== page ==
It’s been humbling to witness all the stages of disbelief, fear, panic and resignation around me and to also experience those emotions myself. I’m thinking about the healthcare workers who are on the frontlines of stopping the virus. I’m also thinking about people who have endured the outbreak of other major infectious diseases before and have run from crises like war, famine, natural disasters and poverty. What kind of strength and resiliency they must have had to get through such terrible experiences, while not knowing if anyone cared about their struggle or if they would scroll past their lives like an inconvenient headline. Now that we all feel vulnerable as we learn of new cases in new cities every day, we are desperate for attention and protection and support.

This is the time to examine ourselves and what we truly want for society—access to healthcare, stable housing, food security, flexible work, paid sick leave—so that it doesn’t take another pandemic to remind us of how fragile we are and what we owe each other. Hopefully, we are all better off after this has been contained. #Flattenthecurve.


What I’m noting

  • 🦠Coronavirus coverage // The Atlantic has been putting out some fantastic reporting and analysis on topics like the do’s and don’ts of social distancing, what you can do to slow the outbreak, and delays in U.S. testing that they are providing outside the paywall, which means all readers have unlimited access to these stories. Please consider getting a subscription to support their hard work.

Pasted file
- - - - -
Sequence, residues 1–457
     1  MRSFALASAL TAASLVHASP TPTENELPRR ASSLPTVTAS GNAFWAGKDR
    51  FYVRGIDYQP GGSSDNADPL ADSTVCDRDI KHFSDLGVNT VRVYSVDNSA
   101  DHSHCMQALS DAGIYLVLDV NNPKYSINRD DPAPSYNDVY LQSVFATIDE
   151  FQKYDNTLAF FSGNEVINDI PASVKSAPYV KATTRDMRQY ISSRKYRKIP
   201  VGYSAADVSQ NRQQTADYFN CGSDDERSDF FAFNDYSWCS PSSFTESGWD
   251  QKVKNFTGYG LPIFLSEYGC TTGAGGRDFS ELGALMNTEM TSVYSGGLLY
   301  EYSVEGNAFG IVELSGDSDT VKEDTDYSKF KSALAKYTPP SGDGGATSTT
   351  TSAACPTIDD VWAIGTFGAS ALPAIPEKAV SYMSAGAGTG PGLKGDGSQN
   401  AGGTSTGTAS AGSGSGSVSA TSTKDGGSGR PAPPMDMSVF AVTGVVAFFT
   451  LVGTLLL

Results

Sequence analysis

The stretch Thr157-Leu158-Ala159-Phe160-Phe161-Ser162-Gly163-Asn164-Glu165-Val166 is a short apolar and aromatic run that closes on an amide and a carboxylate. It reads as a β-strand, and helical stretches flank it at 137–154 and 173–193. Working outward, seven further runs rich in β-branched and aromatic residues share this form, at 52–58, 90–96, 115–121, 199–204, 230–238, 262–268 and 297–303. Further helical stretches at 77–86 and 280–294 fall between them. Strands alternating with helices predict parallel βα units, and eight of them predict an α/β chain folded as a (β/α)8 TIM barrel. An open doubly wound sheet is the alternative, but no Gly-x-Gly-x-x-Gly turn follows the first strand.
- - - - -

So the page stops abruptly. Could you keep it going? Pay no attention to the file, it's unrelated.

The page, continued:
• 🧼Wash Your Lyrics // If counting to 20 seconds or singing Happy Birthday while you wash your hands is getting boring, you can use generate a poster with your favorite songs that will fill the same time.

  • 🎧 Floodlines // Just started listening to this new narrative podcast hosted by The Atlantic’s Vann R. Newkirk II that delves into the stories and lessons from Hurricane Katrina and its aftermath in New Orleans. Katrina is one of the most tragic and misunderstood events in American history and the people who lived through have a lot to say about what happened. You can listen to all the episodes out now on Apple Podcasts, Spotify or wherever you get your podcasts.

  • 📋The US Census // The 2020 Census has started! Make sure you and your community are counted. This matters for many reasons, including distribution of federal funding and state representatives in Congress. It’s super easy to do this now that all Americans can fill out the form online.

  • 📺What to binge-watch while self-quarantined // Don’t spend all your time alone reading news. This is a good opportunity to enjoy what entertainers and artists have created for us.

  • ♀️The radical roots of International Women’s Day // International Women’s Day was March 8. The holiday was created more than a century ago by socialist movement leaders impatient for equality for women, which is not the context we generally hear about today.


That’s it for me. Please stay safe and healthy, both mentally and physically. I’d love to know what you’re all doing to adjust to different working and living routines. And as always, let me know what you’re reading, listening to or thinking about, so I can feature it in an upcoming newsletter. You can always hit reply to this email if you want to share or just say hi :)

Have a good weekend!

— Nesima

Buy me a coffee!